How to define a brand's look with the perfect colour toolkit

Find the perfect hue and ensure total colour consistency on a new branding project, with advice from one of the country's leading agencies.

As any digital artist full well knows, the process of having consistency in colour when going from screen to print is a haphazard journey; the shades and colour cast of your digital piece won't look entirely the same on the version that comes out of the printer.

This discrepancy between digital and physical can be further amplified when a brand has an array of items carrying its signature colours. Here a designer needs to consider a whole array of variables when tasked with creating a brand colour toolkit, a style book from which your client can ensure colour consistency. 

"Your brief is to look at the in-store experience, print and supplier materials; essentially a colour toolkit is a B2B communication for printers and suppliers to gain greater consistency of a brand colour," explains Grant Willis, a man who knows about colours and chainstores more than most.

As Creative Director at London's Our Design Agency (ODA), he's overseen brand identity work for clients as disparate as flower shows and care providers, along with a successful mission to bring Costa Coffee's local and global outlets under the same uniform colour. This project came about when the company's signature red was found to actually not be so signature across items in-store, and even on storefront signage both here and abroad.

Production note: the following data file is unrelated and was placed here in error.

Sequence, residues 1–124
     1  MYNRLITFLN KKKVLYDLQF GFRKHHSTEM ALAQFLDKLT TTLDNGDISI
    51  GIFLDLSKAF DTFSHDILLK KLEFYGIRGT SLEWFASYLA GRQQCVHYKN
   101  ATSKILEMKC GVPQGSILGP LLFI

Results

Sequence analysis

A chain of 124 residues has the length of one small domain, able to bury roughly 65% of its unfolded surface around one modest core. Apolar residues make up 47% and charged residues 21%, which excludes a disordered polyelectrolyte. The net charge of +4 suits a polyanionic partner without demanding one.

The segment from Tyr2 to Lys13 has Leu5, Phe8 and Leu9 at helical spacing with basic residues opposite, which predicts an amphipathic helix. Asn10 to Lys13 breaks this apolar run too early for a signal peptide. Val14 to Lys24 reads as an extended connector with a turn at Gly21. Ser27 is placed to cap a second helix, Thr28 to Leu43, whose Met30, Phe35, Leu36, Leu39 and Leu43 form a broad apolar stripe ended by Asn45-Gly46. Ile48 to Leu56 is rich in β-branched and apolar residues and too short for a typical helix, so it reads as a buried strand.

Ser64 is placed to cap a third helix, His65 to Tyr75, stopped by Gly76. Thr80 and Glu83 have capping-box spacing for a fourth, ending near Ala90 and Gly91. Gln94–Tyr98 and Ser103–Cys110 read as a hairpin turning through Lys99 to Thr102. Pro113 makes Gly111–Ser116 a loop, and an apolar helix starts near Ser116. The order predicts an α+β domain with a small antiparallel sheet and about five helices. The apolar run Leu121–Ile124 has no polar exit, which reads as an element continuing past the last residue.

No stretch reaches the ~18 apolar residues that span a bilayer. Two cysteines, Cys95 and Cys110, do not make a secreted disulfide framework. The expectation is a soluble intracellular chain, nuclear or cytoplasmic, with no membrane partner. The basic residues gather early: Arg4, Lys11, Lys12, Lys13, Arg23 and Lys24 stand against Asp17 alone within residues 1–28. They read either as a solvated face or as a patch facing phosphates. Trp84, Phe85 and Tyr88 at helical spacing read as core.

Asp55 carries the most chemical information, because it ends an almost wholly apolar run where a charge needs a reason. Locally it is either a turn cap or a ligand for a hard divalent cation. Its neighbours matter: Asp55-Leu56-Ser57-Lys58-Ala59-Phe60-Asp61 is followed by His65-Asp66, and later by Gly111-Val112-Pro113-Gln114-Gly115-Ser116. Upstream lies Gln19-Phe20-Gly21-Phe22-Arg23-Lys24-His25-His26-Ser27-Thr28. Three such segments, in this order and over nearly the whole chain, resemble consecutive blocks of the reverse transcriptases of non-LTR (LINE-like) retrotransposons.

This is when a designer can step in to save the day with their toolkit, but the first step is to find an optimum colour identity, the one shade which will define the client's brand. Rebrand or not, this colour may already be staring at you straight in the face.

"With Costa, we first established the brand colour target," Grant explains. "We agreed that the colour target was the iconic Costa Coffee take-away cup, that was a beacon for customers, so every other application had to match that colour."

That said, while the present is an important consideration, it doesn't hurt to look at the past of your brand, either.

"It was fascinating to research the different shades of colour that Costa Coffee had used since its first high street store and how much change there had been," he enthuses. "In the 1970s it was a dark brown, the 1980s were characterised by a dark red, whereas the 1990s saw it move to a brighter red with the addition of a 'pillar box' red added to the palette that was more reminiscent of fast food."